Facemash, the Daddy of the Facebook we’ve come to know and (sometimes) love, was born 10 years ago. Today, it’s Snapchat that might dethrone Facebook and could, in turn, threaten the leadership of WhatsApp, which is growing less popular with young people by the day.
Facemash and Snapchat: the search for identity and anonymity
Just like Facemash in 2003, Snapchat is an application that was born from a simple idea that was attractive to young audiences: send photos, videos and drawings that are destroyed within seconds of being seen. When we reviewed Snapchat, we decided that its success is down to its extreme simplicity and “seize the moment” attitude. Snapchat’s instant messaging is immediate, short-lasting and very visual.
Ten years ago, Facemash got off to a similar start. The underlying idea – comparing two students’ pictures and deciding who’s hotter – was very simple, very visual and a bit of a tease. In its first four hours of life, Facemash generated thousands of hits. A year later, the initial idea of a “catalog of faces” took shape in the form of Facebook, a university website that opened up to everyone from 2006. The rest, as they say, is history.
Facemash invited visitors to compare photos of randomly selected students
Beyond the differences in context, there’s another way in which Facemash and Snapchat differ completely. While Facemash was created to link your virtual identity with your actual self, Snapchat was created to break this link. If Facemash put names to photos, Snapchat converts them into messages intended to be temporary memories that cannot be associated to our virtual persona, a fact which is increasingly important (and appealing). With Snapchat, online communication once again becomes free and daring.
Facebook: less banal, more “Twitter” by the day
10 years down the line, Facebook has become a giant with over 1,200 million users. It‘s omnipresent, not to mention increasingly complex. The photos are only a small part of the Facebook experience: now we use it to inform, post news, share knowledge, even do work! Hashtags show that Facebook is aiming to become more mainstream and serious. It’s a one way trip to maturity.
By becoming something that’s as everyday as email, Facebook has normalized, or “Yahooized“. It’s no longer cool among young people, who, overwhelmed by the complexity and seriousness of the famous blue network, have gone elsewhere. So what’s caught their eye? Not other social networks, but mobile applications like Snapchat, where they spend most of their time. While Facebook is a website that has landed on mobile devices, Snapchat is a native app for the mobile era. Everything is done on the phone, and there’s no web version that could jeopardize the reputation or safety of people who exchange photos.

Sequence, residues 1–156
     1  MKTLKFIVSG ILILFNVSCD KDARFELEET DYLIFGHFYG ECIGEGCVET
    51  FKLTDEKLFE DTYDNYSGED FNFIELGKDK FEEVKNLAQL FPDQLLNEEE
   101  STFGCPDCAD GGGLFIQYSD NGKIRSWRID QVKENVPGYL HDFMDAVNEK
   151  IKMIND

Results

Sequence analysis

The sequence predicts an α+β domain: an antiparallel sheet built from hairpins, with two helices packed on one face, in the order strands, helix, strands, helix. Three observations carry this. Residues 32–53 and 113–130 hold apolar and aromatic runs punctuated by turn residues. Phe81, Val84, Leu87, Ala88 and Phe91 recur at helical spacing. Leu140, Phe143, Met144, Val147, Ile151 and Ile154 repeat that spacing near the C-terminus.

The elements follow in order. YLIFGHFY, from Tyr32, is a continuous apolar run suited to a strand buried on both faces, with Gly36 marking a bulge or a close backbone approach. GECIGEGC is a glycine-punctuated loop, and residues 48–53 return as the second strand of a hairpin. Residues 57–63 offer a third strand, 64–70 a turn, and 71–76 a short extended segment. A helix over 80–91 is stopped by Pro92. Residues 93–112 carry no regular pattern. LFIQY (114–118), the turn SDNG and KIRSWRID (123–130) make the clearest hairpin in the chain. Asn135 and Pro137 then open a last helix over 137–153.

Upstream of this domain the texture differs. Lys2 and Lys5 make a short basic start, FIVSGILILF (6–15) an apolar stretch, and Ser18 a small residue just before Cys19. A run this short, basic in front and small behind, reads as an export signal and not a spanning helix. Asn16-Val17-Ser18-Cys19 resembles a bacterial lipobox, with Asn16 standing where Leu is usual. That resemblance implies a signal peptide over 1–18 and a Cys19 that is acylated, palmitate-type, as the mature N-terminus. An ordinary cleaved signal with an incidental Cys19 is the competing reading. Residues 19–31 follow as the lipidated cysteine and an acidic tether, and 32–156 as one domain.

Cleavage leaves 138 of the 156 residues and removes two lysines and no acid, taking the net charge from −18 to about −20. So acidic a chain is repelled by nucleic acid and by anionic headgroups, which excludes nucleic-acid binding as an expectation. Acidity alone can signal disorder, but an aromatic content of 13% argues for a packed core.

The fastest growing apps are mobile, based on random encounters, sexual tension and, of course, the forbidden. They aren’t small social networks that grow, they’re visual networks. Why? Writing is boring. Stickers, GIF animations and videos like Vine or Instagram (wisely acquired by Facebook) are infinitely better. What we’ve seen in recent years is an exploration of aspects that Facebook has neither the inclination nor the ability to reproduce.
Snapchat is becoming something big
In a move that nobody was surprised by, Facebook has publicly shown an interest in Snapchat. After a round of financing in which Snapchat was valued at an estimated 4,000 billion dollars, Mark Zuckerberg tried to buy Snapchat for the figure of one billion dollars, an offer that was rejected by Evan Spiegel, its CEO. For Facebook to do something like this, they must be pretty scared of Snapchat. The failure of Poke, with which Facebook tried to emulate the success of Snapchat, has made it clear that a lot of people are concerned about the prospect of sharing things through an app that bears the stamp of Facebook. Snapchat’s appeal, on the other hand, is its independence, like 4Chan or Anonymous. Its 350 million photos shared daily have made a new Fotolog. Facebook simply can’t follow this path with its current apps.
But Snapchat is maturing as well. Snapchat Stories, small narratives from photos that last 24 hours, add depth, but are still quick and temporary. Another smart move is SnapKidz, which is Snapchat’s secure mode for users under 13 years of age. It’s a user base that’s beyond the reach of Facebook.
So what’s Facebook’s Plan B? Buy WhatsApp?
WhatsApp dethroned SMS and still maintains a solid lead in Western markets, but its approach is also in the classic Facebook mold. Famous for resisting change, WhatsApp will remain true to its style for a long time, but many have doubts about its ability to continue in the first place, particularly with the existing competition.
WhatsApp is still very popular, but growth has definitely stalled
It would make sense for Facebook and WhatsApp to join forces to face Google on one side and Snapchat on the other. A union of this kind, with or without purchase by Facebook, would consolidate the family of powerful, Facebook-style applications in what would be a “suite” of applications similar to the old trio of mail-chat-blog, but updated to what’s relevant now: social network-messaging-photos. So, is it only a matter of time before Facebook buys WhatsApp and Snapchat takes the lead in this market sector? We’ll have the answers in 2014. It’s going to be an exciting year for social networks. If you want to know more about Snapchat, read our how-to.